“One ring to rule them all!” I mouthed.
And then he wanked me off.
He didn’t really wank me off.
Gelato with Charlie Brooker
“So this is gelato?” Asked Charlie Brooker looking at the tubs containing brightly coloured gelato. We were in Mario’s Gelato Emporium in Regent Street which is in the posh part of London.
“This is gelato,” I replied feeling good that I was actually teaching Charlie Brooker about some of life’s luxuries. “I’m surprised you haven’t eaten any before, it’s de riguer at the moment.
“Yeah! I’m selling loads of it!” Said Mario from behind the counter. He was wearing lots of golden rings with jewels on.
“Take it easy, Mario,” I told him.
“What’s that one?” Asked Charlie Brooker drawn to the reddy/purply tub.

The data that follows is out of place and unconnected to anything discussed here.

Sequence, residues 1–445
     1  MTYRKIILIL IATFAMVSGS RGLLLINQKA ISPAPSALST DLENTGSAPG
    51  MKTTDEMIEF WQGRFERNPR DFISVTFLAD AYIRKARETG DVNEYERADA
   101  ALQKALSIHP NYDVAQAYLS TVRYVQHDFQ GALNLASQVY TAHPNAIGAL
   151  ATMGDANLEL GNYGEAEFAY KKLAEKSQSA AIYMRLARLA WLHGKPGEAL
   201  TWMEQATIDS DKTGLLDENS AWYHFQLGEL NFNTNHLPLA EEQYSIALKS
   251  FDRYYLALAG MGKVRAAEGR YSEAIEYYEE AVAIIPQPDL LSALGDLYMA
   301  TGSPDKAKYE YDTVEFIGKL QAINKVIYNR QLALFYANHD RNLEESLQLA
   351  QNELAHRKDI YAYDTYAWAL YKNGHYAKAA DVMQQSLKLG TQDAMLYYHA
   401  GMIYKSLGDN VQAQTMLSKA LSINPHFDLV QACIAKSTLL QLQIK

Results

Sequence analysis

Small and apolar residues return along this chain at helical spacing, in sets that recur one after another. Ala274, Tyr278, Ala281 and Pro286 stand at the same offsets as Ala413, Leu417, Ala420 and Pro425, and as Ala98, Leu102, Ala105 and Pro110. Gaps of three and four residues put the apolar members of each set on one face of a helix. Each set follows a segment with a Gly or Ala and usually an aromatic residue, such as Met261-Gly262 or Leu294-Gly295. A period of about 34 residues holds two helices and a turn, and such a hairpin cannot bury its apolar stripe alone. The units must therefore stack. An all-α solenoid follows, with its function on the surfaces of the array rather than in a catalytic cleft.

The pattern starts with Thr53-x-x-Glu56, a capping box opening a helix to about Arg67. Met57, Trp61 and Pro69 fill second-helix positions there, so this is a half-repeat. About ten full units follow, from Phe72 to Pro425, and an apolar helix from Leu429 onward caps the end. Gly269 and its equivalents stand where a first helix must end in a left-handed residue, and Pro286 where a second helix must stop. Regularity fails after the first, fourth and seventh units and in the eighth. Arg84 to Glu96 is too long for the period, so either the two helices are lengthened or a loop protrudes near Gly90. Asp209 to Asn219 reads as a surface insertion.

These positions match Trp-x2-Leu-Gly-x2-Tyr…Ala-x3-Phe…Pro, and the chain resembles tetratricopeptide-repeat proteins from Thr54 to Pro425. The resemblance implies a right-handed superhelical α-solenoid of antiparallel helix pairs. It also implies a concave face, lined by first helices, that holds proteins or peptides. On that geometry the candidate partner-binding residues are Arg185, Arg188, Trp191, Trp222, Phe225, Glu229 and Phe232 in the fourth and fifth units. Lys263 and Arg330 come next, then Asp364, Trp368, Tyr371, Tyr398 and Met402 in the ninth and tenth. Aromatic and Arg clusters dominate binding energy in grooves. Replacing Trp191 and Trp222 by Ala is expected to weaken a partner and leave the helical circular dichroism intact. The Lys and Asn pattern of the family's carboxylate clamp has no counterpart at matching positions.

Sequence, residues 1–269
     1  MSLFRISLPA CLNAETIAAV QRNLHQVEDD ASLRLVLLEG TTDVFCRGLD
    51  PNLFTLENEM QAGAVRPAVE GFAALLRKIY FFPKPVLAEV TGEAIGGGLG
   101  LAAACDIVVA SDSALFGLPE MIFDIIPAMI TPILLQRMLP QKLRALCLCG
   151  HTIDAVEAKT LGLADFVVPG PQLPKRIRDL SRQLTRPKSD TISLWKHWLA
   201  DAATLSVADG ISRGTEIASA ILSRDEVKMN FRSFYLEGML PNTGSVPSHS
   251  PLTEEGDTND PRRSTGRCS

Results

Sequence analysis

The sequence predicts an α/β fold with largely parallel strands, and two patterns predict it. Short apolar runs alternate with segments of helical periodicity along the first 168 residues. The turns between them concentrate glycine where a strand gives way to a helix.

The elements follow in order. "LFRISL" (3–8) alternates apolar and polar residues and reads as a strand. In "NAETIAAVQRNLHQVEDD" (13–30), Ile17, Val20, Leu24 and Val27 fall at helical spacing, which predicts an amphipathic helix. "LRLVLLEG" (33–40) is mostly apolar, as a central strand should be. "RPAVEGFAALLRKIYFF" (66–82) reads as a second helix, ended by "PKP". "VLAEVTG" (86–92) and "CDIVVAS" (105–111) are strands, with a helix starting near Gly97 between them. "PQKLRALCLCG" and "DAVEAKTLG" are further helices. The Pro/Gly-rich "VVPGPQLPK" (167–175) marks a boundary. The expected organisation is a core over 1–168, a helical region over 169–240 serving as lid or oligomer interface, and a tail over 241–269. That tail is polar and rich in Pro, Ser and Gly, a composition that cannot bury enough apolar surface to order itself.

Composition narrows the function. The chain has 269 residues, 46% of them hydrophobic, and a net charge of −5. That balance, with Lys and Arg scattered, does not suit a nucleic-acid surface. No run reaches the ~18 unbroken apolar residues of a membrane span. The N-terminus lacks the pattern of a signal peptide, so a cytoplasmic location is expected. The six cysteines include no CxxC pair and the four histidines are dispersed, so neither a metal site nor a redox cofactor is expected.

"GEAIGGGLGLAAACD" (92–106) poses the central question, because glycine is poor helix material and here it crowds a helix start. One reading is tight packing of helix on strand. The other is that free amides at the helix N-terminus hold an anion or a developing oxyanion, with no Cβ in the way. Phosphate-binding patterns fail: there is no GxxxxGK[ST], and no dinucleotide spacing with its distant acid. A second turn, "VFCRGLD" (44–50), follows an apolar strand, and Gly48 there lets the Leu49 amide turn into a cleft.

“Cherry I think,” I explained.
“Si! Dat’s-a-cherry!” Said Mario, musically
“And that? What the hell could be green? Is it grass flavour or something?”
“Oh, Charlie!” I laughed, “That’s pistachio, it’s a kind of nut.”
“A green nut?” His face was screwed up.
“Yeah, I know, but it’s nice.”
“There’s too much choice!” Wailed Charlie and I laughed again.
“I’ll order for us,” I said and then ordered two scoops of pistachio each.
“Great choice,” said Mario doing the scooping. “You should look after him, he clearly-a-knows-what’s-a-good mamma mia!” Mario was telling Charlie this, he meant Charlie should look after me. I smiled coyly.
I handed Charlie his scoops and then Mario told me he expected £19.17. I was pretty sure four of the same things could never add up to £19.17 but I took my wallet out regardless. God would judge Mario.